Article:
Though the ability to interact with a diverse community is becoming more and more seamless on a daily basis, our contact with other cultures does not come without barriers. We are able to have contact with people from all aspects of life and also with people from all over the world, however the ability to have contact does not automatically afford us the ability to understand or relate with one another. While we do have curiosity about people outside of our spectrum our curiosity is also tempered with a certain level of fear. The idea of the citizens of earth coming together in any sort of united front is one that is very daunting to many people for reasons so numerous it would be difficult to attempt to list them all. Human beings seem to
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These two groups according to Foer have many opposing views which set them apart from each-other and despite that fact alone they actively seek to set themselves further apart. In an excerpt from his book Cosmopolitanism: Ethics in a World of Strangers Kwame Anthony Appiah saw humans as dividing themselves into groups according to cultural ethnicity, country of origin and along religious lines (2006). Appiah recognizes that human beings are culturally divided he states “The most fundamental level of disagreement occurs when one party to a discussion invokes a concept that the other simply doesn’t have (658).” His statement shows that we are divided, however his conclusion is that humans are divided because they have a lack of cultural understanding.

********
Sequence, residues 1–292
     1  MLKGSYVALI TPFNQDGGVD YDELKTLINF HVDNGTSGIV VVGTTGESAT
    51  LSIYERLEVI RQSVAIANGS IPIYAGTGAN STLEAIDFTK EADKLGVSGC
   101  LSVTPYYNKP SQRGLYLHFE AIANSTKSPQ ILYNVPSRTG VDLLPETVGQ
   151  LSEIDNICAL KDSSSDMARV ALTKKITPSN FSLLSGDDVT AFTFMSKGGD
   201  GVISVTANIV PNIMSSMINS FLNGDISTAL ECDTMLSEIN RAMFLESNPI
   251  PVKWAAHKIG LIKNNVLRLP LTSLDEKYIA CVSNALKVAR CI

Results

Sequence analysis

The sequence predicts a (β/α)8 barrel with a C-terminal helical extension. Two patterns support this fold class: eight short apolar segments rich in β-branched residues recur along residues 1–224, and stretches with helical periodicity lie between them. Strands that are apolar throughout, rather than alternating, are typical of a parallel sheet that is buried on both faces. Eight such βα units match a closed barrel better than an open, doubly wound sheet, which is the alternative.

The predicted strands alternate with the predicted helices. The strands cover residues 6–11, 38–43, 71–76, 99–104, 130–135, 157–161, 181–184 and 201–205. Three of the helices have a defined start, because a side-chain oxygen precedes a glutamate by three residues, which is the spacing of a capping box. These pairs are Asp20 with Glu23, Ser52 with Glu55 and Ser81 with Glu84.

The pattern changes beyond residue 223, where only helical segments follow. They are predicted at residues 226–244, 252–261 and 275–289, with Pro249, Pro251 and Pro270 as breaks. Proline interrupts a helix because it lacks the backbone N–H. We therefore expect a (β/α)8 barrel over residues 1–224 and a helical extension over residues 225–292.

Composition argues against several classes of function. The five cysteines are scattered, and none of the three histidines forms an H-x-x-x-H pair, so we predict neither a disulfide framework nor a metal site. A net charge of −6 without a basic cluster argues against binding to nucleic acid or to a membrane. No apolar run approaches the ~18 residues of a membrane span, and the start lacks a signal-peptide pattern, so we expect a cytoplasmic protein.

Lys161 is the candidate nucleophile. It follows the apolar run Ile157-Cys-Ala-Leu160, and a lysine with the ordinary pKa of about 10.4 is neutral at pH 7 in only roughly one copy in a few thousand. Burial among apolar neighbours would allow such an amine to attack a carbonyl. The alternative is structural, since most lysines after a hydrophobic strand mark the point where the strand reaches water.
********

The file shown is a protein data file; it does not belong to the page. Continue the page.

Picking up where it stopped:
From the beginning of time human beings have divided themselves into many groups. As the world becomes a much more mobile place we humans come into contact with each other on a much more frequent basis. In addition to experiencing another culture through personal contact we also learn and absorb information about other cultures through various forms of media. In his